How to Take a Japanese Bath

How to Take a Japanese Bath

For many, a bath is nothing complex. You just fill a bathtub with warm water and dump essential salts or make it bubbly. And you are done. Yet, some cultures make bathing a communal activity where people gather to spend time with each other or just some quality personal time. Turks, Koreans, Taiwanese and Japanese all share some form of a culture involving public baths. One common denominator may be Japanese colonial rule (except, of course, the Turks). Unlike the bathtub at home, these public baths can be massive and may terrify a first timer. Well, it doesn’t have to be so.

This is my guide on how to take a Japanese bath as a first timer. I am sharing with you both the “traditional” / “correct” way and what I think is my own “simple” version.


It is crucial, I think, to get your etiquette right. Common sense prevails in most cases.

Mind your own business and keep your eyes and hands to yourself. Japanese baths are purely nude affairs so it would be terribly awkward if you were “caught” staring or evaluating the person next to you.

Since its a public bath and everybody sharing the baths, be considerate to your fellow brothers/sisters. Don’t spit/urinate into those pools. It’s really disgusting.

Don’t be a pest or be seen as a pest.

The “Correct” way to take a Japanese bath

There are 5 steps in all.

Step 1: Rinse yourself down well before going in for a soak as a common courtesy to your neighbours. Nobody wants a contaminated bath.

Step 2: Having rinsed yourself down, go for a soak. Depending on the bath house you are in, there may be different types of baths available. Salt baths, soda baths, iron baths, sulphur baths and a cold bath. Bath houses may place small signs beside each bath explaining the benefits of that bath. Take your pick and see if any of the available baths are beneficial to a pre-existing medical condition. This is just the first soak to help open your pores and also loosen/break up the layer of “persistent” dirt on your body.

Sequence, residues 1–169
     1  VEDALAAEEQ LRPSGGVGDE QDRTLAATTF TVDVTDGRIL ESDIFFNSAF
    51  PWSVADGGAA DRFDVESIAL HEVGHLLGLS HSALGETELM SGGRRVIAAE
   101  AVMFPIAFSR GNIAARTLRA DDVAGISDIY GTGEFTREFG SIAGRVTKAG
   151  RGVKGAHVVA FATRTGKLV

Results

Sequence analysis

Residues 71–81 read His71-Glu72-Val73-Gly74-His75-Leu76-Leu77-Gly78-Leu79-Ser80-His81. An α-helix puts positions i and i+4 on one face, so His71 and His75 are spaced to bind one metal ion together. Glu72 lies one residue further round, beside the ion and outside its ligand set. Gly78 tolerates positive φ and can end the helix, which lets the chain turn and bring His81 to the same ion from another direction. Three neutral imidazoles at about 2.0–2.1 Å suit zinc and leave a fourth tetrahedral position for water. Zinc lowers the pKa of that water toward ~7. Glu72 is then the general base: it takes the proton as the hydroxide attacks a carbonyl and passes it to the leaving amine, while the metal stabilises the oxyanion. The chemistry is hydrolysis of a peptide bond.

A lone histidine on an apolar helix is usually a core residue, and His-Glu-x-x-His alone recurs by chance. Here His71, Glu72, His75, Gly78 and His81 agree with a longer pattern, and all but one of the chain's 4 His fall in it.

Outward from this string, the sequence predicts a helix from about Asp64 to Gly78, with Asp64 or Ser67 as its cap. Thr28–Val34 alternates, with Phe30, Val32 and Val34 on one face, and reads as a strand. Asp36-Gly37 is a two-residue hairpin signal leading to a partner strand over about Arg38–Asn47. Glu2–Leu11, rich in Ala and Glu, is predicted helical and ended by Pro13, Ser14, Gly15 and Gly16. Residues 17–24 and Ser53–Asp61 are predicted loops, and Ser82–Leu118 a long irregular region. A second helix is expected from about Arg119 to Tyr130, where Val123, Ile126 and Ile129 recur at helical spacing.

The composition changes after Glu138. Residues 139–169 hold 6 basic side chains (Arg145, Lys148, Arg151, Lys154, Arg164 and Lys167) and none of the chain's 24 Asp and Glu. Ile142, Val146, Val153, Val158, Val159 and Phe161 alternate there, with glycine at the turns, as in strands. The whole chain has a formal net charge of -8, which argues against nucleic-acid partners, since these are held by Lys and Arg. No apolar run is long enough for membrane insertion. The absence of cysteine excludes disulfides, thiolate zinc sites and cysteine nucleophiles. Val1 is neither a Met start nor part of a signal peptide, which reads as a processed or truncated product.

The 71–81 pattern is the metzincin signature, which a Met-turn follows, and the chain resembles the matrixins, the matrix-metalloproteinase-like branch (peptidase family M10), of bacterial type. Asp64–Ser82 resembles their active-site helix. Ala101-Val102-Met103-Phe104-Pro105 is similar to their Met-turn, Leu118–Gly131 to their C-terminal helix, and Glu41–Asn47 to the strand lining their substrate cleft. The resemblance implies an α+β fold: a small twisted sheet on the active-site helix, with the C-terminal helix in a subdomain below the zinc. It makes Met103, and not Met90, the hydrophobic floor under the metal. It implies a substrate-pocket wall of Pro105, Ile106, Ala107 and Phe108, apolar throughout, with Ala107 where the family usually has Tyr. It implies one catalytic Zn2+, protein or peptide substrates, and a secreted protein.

Step 3: Once you are done with your first soak, you should go back to the washing area. Get yourself a stool. Give it a good rinse before plopping down on it. Soap yourself down well and give yourself a good scrub to remove all those dead skin cells and dirt on your body.

Step 4: Once you are done, you can go back in for your second soak. This is the time for you to really enjoy the bathing experience. You can either pick a particular bath for its medical benefits or rotate between the baths. Personally, I prefer the latter as you can have some rest time as you move from bath to bath. If you are really up for it, you can consider alternating between a hot bath and a cold bath. This supposedly helps with blood circulation. My suggestion is to do it slowly as it might be too sudden if you are not used to the temperature changes. For me, I actually felt dizzy after I went in too fast.

Step 5: Having soaked to your heart’s content, finish up the experience with another quick shower.


My simpler version on how to take a Japanese Bath (Taiwanese Bath/Korean Bath)

The way I take a Japanese Bath (and likewise for Taiwanese and/or Korean) is somewhat different.

I find the steps to be repetitive and a waste of time to keep going back and forth between soaking and bathing. The entire process can be more efficient without compromising the actual experience. Also, it makes it simpler (yes, as simple as 1,2,3):

Step 1: Soap and wash yourself well.

Step 2: Enjoy the baths. Feel free to rotate between the baths. To avoid wrinkly fingers, I do something stupid but effective. I keep my fingers just above the waterline such that they remain mostly dry. Yes, it looks stupid but it works!

Step 3: Once you are done, get yourself a stool. Give it a good rinse before sitting down on it. Soap yourself down well again and give yourself a good scrub to remove all those dead skin cells and dirt on your body. I prefer to end off with a cold shower. I think a cold shower helps with the experience. I tend to sweat easily especially after a hot bath as my body will retain quite a bit of the heat. By finishing with a cold shower I avoid that sticky sweaty sensation at the end.

Optional: There are some who advocate going back and forth between soaking and showering if one finds it difficult to get “clean”. The idea here is each time you go for a soak, those dead skin cells get loosen and become easier to remove when you shower. I personally think it’s excessive as there is no true benchmark as to when you are actually “clean”. Just keep it simple!

Have you tried taking a Japanese Bath before? Let me know in the comments!

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